In our ongoing series of guest columns, we’ve asked a bunch of metal’s heaviest hitters to provide us with a list of five albums they think will change you — either for the better or worse. Today’s list comes compliments of Matt Harvey of the almighty Exhumed.
Repulsion — Horrified
The fact that this album was recorded in 1986 cements it’s place as light years ahead of every other death metal or grind band at the time. The blueprint for Carcass, Napalm Death, Terrorizer, and so much more is all right here. Filthy distorted bass, out of control blast beats, post-Death / Possessed / Slayer riffs colliding headlong into the proto grind HC style riffing to cement the style that would forevermore be known as grindcore. This album defines Death Metal and Grindcore when both genres were in their infancy, an unadulterated classic.
Voivod — Dimension Hatross
When most thrash bands were playing the inevitably futile “catch up to Metallica” game in the late ’80s, these forward-thinking Quebecois were melding King Crimson, Die Kruezen, Killing Joke, and their beer-soaked post-NWOBHM origins. One of the only thrash bands not named Slayer, Exodus, or Metallica to be totally, boldly original. Snake’s quirky post-Biafra punk vocals provide a creepy narrative for this science-fiction tale of creation, destruction and everything in between. Progressive and technical without being flashy, putting songs first while defying the cliches of 80s thrash – this is the sound of a band at the absolute top of their game.
Celtic Frost — Morbid Tales
The heaviest record ever recorded. Period. Without relying on detuning, crawl-speed tempos or anything resembling technical proficiency, three pretentious dudes with black eye-makeup and cartoonish pseudonyms from Switzerland cranked out the darkest, most harrowing death metal album ever made. Delivering on the promise of Hellhammer’s shockingly heavy Apocalyptic Raids EP, the reinvented, reinvigorated trio created a deathless masterpiece that stands even taller today than it did in 1985.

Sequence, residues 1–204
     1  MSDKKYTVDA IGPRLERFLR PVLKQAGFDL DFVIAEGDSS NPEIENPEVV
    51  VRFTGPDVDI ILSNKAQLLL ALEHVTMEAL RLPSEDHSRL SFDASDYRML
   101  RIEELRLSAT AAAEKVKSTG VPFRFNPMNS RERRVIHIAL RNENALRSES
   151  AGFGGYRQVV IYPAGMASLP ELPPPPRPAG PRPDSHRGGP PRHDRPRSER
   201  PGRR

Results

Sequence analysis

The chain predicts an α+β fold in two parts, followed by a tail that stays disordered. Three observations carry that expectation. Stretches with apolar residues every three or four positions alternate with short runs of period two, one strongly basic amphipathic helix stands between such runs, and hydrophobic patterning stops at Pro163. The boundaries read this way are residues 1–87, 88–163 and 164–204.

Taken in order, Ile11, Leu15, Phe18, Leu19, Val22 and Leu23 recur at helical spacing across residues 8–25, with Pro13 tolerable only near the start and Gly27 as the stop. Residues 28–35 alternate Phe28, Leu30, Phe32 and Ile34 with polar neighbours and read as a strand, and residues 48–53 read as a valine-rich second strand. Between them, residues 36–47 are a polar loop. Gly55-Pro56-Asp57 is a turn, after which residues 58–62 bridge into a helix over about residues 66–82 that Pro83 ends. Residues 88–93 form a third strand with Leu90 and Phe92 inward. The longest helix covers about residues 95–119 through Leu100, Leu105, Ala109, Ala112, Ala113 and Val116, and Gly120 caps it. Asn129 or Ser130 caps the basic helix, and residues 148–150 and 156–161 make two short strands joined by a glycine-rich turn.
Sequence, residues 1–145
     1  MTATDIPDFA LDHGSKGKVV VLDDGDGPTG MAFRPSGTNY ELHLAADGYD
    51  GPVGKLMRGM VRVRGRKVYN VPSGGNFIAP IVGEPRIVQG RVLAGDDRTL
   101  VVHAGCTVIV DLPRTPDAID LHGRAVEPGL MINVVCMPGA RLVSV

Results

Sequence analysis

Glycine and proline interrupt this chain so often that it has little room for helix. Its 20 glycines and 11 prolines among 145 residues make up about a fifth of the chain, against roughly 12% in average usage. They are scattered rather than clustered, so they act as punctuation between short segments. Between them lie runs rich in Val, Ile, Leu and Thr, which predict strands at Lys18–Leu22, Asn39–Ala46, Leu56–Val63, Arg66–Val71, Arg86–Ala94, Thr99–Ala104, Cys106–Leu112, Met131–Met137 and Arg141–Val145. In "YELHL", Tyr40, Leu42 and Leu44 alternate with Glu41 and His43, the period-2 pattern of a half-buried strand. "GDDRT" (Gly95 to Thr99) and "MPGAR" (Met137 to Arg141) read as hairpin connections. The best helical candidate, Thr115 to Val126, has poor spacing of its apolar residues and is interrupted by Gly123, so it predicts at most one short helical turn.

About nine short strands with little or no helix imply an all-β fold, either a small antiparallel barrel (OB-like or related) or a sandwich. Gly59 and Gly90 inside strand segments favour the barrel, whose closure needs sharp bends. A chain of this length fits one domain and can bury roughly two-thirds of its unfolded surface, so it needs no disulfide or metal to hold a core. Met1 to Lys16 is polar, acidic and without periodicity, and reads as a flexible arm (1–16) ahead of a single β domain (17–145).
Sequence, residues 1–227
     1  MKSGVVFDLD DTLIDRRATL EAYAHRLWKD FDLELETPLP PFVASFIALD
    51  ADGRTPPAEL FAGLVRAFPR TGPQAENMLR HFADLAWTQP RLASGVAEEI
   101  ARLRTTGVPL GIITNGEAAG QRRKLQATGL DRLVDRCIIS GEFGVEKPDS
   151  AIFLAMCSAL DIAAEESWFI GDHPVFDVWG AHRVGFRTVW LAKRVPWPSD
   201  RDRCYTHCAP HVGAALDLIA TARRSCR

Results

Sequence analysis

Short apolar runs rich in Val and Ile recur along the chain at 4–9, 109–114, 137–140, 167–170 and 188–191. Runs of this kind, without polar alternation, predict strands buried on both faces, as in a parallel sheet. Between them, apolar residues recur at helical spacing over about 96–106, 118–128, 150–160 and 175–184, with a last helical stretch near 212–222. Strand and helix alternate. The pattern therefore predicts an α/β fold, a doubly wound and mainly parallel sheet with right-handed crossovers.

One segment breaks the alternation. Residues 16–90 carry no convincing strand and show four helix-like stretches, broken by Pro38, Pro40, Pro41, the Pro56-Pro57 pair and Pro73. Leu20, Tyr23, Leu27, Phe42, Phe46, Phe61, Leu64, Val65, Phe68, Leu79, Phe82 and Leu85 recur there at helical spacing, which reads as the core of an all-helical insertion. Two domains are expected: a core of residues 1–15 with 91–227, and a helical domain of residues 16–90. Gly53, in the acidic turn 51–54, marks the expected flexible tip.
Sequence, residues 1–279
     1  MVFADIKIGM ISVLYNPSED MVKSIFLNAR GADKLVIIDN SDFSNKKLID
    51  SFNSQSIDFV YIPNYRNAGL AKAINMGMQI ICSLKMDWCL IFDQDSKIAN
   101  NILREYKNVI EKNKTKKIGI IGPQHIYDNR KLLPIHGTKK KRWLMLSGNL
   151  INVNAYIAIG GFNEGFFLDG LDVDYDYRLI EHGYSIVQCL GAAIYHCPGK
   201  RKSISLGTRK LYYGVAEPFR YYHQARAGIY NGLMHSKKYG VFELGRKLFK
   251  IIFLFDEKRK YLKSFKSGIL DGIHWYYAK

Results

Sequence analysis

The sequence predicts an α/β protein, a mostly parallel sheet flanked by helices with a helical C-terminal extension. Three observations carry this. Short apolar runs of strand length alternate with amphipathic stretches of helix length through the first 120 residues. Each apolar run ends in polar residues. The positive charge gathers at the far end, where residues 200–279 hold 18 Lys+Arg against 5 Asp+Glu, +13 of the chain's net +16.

Possessed — Seven Churches
I know people will argue with me about this until we’re all in some sort of underground metal retirement home, but this album is the absolute blueprint for American Death Metal. Death, Morbid Angel, Deicide, Obituary (at least the parts that aren’t Celtic Frost ripoffs) and every other 1st generation US death metal act owe a huge debt to this bunch of high-school aged Pinole maniacs. Beccera’s tortured howl is the origin point for Chuck Schuldiner, David Vincent, Martin Van Drunen and just about every other non-guttural death metal vocalist. Taking “Show No Mercy” and “Black Metal” to their logical endpoints and creating an underground sub-genre that endures to this day in the process, Seven Churches is THE ultimate death metal album.
Discharge — Hear Nothing, See Nothing, Say Nothing
Distilling the anger of punk rock into it’s purest, most vicious form, Discharge upped the ante on extremity and took punk into a bleak, monochromatic world that made the Sex Pistols sound like the musically inept, glorified boy band that they were. Dischage took the three chord formula to new depths of harrowing intensity, leaving any punk band before or since simply in the dust. Paving the way for everything from Crust, D-beat, Thrash Metal, NYHC, Crossver, and a myriad of other genres, this record is absolutely essential.
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